Competition LO18152

Dennis Keibler (
Thu, 21 May 1998 13:29:55 -0500

Replying to LO18142 where Scott Simmerman wrote in part:

> about the lessons learned riding my bicycle - a bit like "Zen and the Art
> of Motorcycle Maintenance," methinks.--

Thank you Scott and others for the variety and depth of lessons you have
contributed. My mental model of being a competitor has grown over the past
few weeks.

I'm trying to incorporated some of my recent learning from this thread
into a retail business environment. I have a feeling that I must
understand more fully my own goals and intentions, as well as those of

The cycling story (LO18142) can be seen as an analogy for several
different situations. One can view each rider on the trek as a member of
an organization, with each person contributing (or not) to advance the
whole as well as themselves. Also, each rider can represent a company
within an industry, with each working (or not) to promote and better the
industry as well as benefit themselves. Do the motivators and consequences
of competition and cooperation in this analogy apply equally in both
situations? I might like to think so, but perhaps that's being too
idealistic. And to what extent can these factors about competition be
inferred to other situations, and within what parameters?

For example, helping a new employee find their way around the company, and
warning other cyclists about a pothole are cooperative actions that are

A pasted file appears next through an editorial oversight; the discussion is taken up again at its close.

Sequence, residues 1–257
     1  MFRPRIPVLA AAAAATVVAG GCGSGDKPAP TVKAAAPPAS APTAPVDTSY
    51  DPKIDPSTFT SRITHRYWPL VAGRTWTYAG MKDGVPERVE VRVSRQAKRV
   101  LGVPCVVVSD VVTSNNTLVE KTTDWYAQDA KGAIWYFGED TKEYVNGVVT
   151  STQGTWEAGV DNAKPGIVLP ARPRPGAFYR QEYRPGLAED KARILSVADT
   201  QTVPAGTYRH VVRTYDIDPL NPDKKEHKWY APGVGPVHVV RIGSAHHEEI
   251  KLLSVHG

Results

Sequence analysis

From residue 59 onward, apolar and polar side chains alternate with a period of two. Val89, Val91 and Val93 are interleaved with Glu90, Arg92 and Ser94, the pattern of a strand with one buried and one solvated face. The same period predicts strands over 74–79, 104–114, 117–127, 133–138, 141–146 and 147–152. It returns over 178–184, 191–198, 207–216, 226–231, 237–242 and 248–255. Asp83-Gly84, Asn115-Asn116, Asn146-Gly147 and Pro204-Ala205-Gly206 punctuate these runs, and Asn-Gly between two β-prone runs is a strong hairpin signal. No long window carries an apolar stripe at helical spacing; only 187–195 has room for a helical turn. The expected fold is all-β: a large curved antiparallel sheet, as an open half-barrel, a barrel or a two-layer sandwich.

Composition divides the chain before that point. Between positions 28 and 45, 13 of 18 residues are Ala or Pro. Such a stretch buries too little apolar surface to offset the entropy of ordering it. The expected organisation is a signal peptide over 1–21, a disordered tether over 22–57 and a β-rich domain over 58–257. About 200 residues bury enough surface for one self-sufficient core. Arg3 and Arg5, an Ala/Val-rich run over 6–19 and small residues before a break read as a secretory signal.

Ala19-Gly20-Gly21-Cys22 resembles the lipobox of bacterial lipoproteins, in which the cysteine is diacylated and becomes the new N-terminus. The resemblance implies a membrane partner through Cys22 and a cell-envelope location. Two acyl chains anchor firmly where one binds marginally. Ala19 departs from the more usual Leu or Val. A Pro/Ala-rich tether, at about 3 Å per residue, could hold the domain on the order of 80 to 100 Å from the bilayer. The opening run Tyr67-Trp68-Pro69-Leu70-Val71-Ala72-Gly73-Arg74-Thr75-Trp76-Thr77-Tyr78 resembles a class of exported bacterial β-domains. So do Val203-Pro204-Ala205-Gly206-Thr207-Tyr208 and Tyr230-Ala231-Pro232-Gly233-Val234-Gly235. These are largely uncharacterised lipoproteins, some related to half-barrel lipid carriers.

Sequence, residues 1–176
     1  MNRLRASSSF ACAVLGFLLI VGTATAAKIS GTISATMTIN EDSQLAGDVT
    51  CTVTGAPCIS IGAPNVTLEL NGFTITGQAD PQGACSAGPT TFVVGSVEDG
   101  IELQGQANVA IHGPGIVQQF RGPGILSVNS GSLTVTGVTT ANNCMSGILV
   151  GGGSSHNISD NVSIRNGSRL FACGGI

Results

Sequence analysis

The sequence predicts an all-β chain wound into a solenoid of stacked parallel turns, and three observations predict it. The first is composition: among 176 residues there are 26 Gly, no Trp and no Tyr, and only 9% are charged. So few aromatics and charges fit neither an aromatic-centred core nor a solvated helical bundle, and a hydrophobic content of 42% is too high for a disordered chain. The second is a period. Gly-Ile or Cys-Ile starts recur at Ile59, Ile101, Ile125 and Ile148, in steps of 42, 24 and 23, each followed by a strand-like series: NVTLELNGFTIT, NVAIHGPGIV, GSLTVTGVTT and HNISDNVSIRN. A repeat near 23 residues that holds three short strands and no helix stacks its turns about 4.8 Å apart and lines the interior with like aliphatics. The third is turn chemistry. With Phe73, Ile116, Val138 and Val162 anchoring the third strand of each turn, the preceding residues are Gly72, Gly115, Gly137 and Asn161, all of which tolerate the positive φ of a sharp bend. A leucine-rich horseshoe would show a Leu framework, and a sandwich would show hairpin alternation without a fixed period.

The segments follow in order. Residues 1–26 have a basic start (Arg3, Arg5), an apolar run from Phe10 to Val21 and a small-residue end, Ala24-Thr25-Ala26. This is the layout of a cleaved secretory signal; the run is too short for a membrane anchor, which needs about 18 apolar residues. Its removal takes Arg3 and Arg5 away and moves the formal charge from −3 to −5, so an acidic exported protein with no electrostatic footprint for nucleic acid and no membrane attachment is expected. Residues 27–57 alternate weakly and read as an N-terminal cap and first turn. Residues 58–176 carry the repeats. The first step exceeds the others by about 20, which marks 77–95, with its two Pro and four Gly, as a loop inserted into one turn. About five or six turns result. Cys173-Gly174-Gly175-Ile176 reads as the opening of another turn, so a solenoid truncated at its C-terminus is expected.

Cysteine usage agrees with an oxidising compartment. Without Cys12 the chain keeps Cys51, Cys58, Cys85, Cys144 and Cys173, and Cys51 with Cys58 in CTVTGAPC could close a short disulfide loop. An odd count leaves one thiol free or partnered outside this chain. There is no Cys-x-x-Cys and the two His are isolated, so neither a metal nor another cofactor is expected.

relatively easy and common. We can do these things and feel good about
ourselves in the spirit of mutually beneficial competition. But if a
competing store opens up across the street from us, servicing our same
customers, it's not as easy or as casual to warn them if they are, say,
keeping the wrong business hours and missing a lot of sales.

It would be nice if helping a competitor always came natural, but
sometimes cooperating with a competitor is perceived as threatening to our
own goals. If the goal is survival, and if not reaching the goal means
that we immediately cease to exist, there is often less of a tendency to
be cooperative. But assisting someone is easier when our only cost is a
minor inconvenience and our goals are not compromised.

As an organization moves up a figurative mountain, if the goal is to reach
the top together, as one, then much cooperation may prevail. If the goal
is to have everyone make it to the top as best they can, a
competitive/cooperation environment may develop where hopefully we all can
learn about being mutually beneficial. And if our goal is to be the sole
achiever, the only number one, the winner, then conflict will eventually

So perhaps the goals I set for myself and for by business dealings somehow
determine where I fit on this continuum between cooperation, competition,
and conflict. If in the end I must win when another must loose, I can
expect competition with conflict. Or my goal can be a never ending journey
where cooperation is a part of competition.

And then, just maybe, the motivators and consequences of competition and
cooperation do apply equally to all situations, and it is only the time
frame that is different?

Thanks for you thoughts,



.-------------------------------------------------. |. ' ||. ' |||..................................................' ||| Dennis Keibler | HSC Biostatistics Center || ||| University of Louisville | Louisville, KY || *|| || *| || ****************************************************"

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